1Plant Molecular Science Group, Division of Biochemistry and Molecular Biology, Institute of Biomedical and Life Sciences, Glasgow University, Glasgow G12 8QQ, Scotland, U.K.; 2John Innes Centre, Colney Lane, Norwich, NR7 4UH, U.K.; 3Istituto di Mutagenesi e Differenziamento, C.N.R., Via Svezia 5, 56122 Pisa, Italy
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Accepted 21 January 1999.
Cauliflower mosaic virus (CaMV) gene VI protein (P6) is an important determinant of symptom expression. Differential display polymerase chain reaction (PCR) was used to identify changes in gene expression in Arabidopsis elicited by a P6 transgene that causes a symptomatic phenotype. We used slot blot hybridization to measure the abundance of mRNAs complementary to 66 candidate PCR products in transgenic, CaMV-infected, and uninfected Arabidopsis plants. CaMV-infected and P6 transgenic plants showed broadly similar changes in abundance of mRNA species. In P6 transgenic plants we detected 18 PCR products that showed unambiguous changes in abundance plus another 15 that showed more limited changes (approximately twofold). CaMV-infected plants showed 17 unambiguous and 13 limited changes. Down-regulated species include those encoding a novel, phenol-like sulfotransferase, and a glycine-rich, RNA-binding protein. Up-regulated species included ones encoding an myb protein, glycine-rich and stress-inducible proteins, and a member of a previously unreported gene family. CaMV infection causes alterations in expression of many Arabidopsis genes. Transgene-mediated expression of P6 mimics virus infection in its effect on host gene expression, providing a potential mechanism for this process.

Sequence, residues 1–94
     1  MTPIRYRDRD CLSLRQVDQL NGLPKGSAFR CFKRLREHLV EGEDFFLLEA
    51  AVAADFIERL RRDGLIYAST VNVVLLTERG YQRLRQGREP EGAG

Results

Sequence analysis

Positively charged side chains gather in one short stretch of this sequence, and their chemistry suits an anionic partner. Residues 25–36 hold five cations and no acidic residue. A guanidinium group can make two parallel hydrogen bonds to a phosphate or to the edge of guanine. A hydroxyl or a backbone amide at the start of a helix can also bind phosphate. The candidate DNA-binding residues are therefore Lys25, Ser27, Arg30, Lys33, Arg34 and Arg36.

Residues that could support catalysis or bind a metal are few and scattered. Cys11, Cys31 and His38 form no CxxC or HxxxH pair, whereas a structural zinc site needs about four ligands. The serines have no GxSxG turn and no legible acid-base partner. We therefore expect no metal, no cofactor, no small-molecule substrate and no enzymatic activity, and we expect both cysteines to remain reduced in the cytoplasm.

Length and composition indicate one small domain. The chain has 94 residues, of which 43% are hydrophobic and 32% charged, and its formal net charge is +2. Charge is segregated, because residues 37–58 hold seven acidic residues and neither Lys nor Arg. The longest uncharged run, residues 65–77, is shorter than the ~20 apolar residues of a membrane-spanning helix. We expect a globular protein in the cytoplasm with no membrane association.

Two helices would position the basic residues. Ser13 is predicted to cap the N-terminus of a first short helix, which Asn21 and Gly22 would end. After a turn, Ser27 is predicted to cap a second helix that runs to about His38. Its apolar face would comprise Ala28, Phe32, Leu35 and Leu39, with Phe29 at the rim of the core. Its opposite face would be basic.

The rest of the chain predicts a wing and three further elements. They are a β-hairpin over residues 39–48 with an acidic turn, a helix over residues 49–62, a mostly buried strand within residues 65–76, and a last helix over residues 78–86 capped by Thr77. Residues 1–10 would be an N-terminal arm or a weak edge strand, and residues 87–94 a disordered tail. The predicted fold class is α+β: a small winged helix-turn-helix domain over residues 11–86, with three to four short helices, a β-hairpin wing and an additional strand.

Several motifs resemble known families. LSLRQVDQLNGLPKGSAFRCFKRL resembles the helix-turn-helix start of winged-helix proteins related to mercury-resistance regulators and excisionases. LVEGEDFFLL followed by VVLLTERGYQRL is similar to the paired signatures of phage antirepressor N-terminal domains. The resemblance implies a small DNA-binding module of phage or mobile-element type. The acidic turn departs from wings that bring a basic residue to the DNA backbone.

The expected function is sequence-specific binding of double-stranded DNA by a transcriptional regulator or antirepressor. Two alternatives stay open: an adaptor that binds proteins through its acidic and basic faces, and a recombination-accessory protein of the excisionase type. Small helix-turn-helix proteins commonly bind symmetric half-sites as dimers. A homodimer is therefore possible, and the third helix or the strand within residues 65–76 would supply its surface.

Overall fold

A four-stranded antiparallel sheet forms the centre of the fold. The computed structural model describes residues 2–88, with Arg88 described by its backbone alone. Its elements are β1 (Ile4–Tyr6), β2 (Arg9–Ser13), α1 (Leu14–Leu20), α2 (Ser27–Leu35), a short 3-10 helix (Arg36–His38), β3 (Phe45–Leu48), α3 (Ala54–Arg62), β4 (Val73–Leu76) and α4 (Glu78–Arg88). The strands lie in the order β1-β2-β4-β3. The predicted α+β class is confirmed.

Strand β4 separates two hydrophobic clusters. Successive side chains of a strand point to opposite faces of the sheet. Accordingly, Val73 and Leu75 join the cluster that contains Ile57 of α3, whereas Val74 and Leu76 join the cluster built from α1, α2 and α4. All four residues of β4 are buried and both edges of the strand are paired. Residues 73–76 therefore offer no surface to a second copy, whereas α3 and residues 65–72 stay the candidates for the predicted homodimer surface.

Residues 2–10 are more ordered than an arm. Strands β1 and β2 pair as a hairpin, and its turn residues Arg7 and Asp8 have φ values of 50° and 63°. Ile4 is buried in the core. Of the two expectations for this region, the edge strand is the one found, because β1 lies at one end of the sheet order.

© 1999 The American Phytopathological Society